Here’s a few things that have helped me, maybe they are helpful for you?

  1. First– Am I just being sensitive? Sometimes I just get bent out of shape over things that aren’t really that bad. Am I mislabeling something as a crappy day when it’s really just a day when things didn’t go my way?
  2. Perspective helps. There will be days in life when your spouse is disappointed in you, or your kid gets in trouble at school, or you end up in the hospital, or your bank account read -$128.32. But any day you aren’t dead is another day things can get better.
  3. It’s OK to laugh. I don’t mean laughter as a way to hide from what’s going on. But sometimes the circumstances of our crappy days are just plain ridiculous and laughing about it is great medicine.
  4. Grab a friend and a drink. For millennia people who have had a bad day have met up with a friend for a beverage to unwind. Text a friend and go out for coffee, a beer, or a glass of wine. I’m not talking about getting drunk… I’m just talking about relaxing and getting some fresh air.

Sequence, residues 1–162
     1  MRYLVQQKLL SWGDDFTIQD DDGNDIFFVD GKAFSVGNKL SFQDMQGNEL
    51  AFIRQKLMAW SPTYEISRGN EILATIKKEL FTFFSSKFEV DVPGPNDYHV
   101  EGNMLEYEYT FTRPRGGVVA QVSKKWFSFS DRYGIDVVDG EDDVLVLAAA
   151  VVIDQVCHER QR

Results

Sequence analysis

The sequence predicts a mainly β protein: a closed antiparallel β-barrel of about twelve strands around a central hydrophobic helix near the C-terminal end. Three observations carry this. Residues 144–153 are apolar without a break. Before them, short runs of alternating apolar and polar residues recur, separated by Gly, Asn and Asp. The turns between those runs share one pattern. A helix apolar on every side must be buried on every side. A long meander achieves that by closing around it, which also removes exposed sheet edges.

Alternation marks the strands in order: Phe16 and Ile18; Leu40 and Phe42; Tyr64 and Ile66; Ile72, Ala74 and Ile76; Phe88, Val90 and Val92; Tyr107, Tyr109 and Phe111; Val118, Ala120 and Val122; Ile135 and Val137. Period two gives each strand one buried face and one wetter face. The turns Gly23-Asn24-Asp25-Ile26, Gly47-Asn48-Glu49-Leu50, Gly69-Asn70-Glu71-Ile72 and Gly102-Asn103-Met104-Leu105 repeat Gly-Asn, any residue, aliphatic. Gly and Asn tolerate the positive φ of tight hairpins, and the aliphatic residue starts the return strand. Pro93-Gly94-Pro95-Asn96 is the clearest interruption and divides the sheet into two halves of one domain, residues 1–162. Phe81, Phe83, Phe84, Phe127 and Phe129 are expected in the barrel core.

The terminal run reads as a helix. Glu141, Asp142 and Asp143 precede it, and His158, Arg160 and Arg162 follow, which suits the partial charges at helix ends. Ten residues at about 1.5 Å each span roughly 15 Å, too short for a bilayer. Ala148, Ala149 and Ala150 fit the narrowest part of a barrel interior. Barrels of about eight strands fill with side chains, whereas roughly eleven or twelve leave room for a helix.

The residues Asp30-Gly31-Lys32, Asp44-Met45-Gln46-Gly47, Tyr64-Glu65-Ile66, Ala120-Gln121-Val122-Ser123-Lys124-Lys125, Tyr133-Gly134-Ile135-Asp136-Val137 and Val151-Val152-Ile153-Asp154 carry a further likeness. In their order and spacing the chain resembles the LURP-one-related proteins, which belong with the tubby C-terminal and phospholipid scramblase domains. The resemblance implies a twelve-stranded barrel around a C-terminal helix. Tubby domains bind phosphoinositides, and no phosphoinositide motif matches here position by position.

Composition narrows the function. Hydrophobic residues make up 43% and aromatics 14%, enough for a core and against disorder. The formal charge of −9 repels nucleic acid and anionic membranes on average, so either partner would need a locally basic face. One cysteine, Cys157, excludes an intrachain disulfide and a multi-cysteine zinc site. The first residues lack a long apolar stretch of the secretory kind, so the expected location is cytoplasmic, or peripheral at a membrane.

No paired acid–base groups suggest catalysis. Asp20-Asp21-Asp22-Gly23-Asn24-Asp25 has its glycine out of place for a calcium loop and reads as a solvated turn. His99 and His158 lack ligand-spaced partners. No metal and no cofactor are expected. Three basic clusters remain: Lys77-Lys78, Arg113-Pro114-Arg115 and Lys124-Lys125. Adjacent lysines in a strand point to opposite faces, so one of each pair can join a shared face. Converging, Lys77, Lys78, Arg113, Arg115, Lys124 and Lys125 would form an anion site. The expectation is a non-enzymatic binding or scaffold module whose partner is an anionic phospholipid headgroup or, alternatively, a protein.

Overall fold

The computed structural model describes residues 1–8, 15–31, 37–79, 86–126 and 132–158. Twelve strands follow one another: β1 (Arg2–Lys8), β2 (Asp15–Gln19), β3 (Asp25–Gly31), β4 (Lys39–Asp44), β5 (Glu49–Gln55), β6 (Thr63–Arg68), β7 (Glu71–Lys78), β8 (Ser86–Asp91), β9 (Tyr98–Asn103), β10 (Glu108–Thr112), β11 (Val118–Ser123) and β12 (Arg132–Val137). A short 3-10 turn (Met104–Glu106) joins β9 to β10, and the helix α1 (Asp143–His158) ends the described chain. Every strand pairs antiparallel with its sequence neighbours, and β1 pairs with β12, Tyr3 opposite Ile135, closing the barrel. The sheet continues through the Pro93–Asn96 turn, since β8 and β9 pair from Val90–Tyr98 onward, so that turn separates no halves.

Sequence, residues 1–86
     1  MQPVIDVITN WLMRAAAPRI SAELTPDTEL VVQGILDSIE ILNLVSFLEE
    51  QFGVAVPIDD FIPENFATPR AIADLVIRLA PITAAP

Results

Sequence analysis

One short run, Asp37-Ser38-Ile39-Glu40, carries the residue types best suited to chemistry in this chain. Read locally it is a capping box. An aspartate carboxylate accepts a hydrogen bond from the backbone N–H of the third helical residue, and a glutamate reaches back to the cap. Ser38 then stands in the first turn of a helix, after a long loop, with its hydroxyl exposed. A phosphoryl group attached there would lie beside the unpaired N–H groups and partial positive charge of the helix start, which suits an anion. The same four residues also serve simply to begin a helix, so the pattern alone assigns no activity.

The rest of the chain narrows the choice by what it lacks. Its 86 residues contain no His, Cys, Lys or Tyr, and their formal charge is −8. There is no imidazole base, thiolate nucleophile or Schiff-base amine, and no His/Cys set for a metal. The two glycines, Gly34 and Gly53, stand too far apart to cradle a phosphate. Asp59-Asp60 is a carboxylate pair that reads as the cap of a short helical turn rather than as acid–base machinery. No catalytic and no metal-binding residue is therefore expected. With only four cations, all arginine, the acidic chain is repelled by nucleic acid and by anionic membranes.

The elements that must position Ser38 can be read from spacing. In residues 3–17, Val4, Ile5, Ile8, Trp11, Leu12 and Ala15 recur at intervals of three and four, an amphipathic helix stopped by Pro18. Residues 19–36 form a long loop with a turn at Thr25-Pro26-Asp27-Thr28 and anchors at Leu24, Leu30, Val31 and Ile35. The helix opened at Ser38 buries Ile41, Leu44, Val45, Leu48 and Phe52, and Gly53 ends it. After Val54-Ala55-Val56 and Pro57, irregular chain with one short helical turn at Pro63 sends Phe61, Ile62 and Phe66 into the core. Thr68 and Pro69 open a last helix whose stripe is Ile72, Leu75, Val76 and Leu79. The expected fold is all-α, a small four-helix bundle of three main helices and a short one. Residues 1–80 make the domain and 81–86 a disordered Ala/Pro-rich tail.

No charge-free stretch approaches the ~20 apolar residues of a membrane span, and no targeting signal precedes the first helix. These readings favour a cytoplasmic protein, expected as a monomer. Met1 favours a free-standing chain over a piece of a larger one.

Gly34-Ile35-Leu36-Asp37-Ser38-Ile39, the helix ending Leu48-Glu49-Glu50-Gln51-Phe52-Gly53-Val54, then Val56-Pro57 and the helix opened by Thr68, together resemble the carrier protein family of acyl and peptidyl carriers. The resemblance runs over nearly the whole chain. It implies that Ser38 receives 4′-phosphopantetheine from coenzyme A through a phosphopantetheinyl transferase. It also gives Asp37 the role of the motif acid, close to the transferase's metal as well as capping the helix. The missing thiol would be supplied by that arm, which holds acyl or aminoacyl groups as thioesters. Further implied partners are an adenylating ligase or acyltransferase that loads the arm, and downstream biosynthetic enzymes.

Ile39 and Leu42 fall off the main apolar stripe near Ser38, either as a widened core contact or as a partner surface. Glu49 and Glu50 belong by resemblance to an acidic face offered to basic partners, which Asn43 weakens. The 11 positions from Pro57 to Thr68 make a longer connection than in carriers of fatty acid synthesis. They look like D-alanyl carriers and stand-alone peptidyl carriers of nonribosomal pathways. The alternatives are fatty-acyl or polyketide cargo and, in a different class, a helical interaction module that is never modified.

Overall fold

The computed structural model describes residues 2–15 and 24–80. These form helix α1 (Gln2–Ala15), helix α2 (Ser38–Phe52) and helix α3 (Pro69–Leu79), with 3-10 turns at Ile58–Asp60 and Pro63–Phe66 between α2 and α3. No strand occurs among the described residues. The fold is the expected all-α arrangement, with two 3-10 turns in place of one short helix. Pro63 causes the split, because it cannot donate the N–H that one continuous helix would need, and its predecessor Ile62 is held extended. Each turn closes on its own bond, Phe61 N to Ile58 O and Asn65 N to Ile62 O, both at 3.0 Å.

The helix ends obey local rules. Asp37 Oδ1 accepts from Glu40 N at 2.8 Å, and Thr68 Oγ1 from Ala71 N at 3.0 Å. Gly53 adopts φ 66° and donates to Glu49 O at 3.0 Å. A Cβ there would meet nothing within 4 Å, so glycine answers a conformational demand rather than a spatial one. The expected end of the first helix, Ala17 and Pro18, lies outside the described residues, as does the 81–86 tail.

5. Go for a walk, a jog, a bike ride. Anything physical seems to help me. Even if it’s late at night. This will help relax the tension so you can sleep. Oh, it’s the dark night of the soul which we all must avoid! 
  6. Just shut up. Sometimes when I’ve had a bad day I run my mouth. I say too much, I think too much, I worry too much, and I fall into anxiety about stuff I can’t control. All of that makes matters far worse!
  7. It’ll be better tomorrow. Nothing cures a crappy day like waking up the next morning.

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Photo by Dennis Wong via Flickr (Creative Commons)
Christian Living

Consider it Joy!

King James Knew Trials
Oh wait, not this James. The other one knew a thing or two about turning daily trials into joy. This one was kind of the opposite.

Consider it pure joy, my brothers and sisters, whenever you face trials of many kinds, because you know that the testing of your faith produces perseverance.

James 1:2-3

Twisted Life

James knew what was up. 

He knew that if you’d take walking with Jesus seriously, truly lead people, got past the fluff, and entered into the Christian life, trials would come. A life with Jesus isn’t the absence of trials.

Instead, James says to look at the trials in your life with a twisted little smile. We know how this ends, right? We know that while minute-by-minute life might stink we can look at our tough times from a Kingdom timeline and know we’ll be OK.